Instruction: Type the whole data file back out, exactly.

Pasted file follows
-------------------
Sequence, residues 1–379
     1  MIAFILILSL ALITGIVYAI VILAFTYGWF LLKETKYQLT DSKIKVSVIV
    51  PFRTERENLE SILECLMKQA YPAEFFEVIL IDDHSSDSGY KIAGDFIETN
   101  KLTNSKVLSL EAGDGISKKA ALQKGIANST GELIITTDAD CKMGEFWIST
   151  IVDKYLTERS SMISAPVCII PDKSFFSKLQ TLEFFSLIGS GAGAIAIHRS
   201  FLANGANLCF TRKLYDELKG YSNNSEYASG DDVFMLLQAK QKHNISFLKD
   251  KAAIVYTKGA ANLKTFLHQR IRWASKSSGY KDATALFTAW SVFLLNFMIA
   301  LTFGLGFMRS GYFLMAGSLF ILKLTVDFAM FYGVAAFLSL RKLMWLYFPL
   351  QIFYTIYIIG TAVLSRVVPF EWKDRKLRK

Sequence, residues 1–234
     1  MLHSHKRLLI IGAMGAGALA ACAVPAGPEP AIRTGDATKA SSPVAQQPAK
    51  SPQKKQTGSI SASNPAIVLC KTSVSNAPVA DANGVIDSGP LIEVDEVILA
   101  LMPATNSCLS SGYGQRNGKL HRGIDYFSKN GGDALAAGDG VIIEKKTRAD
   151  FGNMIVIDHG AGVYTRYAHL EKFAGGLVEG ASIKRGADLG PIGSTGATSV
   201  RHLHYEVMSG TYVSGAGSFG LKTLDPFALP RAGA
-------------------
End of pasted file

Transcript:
Sequence, residues 1–379
     1  MIAFILILSL ALITGIVYAI VILAFTYGWF LLKETKYQLT DSKIKVSVIV
    51  PFRTERENLE SILECLMKQA YPAEFFEVIL IDDHSSDSGY KIAGDFIETN
   101  KLTNSKVLSL EAGDGISKKA ALQKGIANST GELIITTDAD CKMGEFWIST
   151  IVDKYLTERS SMISAPVCII PDKSFFSKLQ TLEFFSLIGS GAGAIAIHRS
   201  FLANGANLCF TRKLYDELKG YSNNSEYASG DDVFMLLQAK QKHNISFLKD
   251  KAAIVYTKGA ANLKTFLHQR IRWASKSSGY KDATALFTAW SVFLLNFMIA
   301  LTFGLGFMRS GYFLMAGSLF ILKLTVDFAM FYGVAAFLSL RKLMWLYFPL
   351  QIFYTIYIIG TAVLSRVVPF EWKDRKLRK

Sequence, residues 1–234
     1  MLHSHKRLLI IGAMGAGALA ACAVPAGPEP AIRTGDATKA SSPVAQQPAK
    51  SPQKKQTGSI SASNPAIVLC KTSVSNAPVA DANGVIDSGP LIEVDEVILA
   101  LMPATNSCLS SGYGQRNGKL HRGIDYFSKN GGDALAAGDG VIIEKKTRAD
   151  FGNMIVIDHG AGVYTRYAHL EKFAGGLVEG ASIKRGADLG PIGSTGATSV
   201  RHLHYEVMSG TYVSGAGSFG LKTLDPFALP RAGA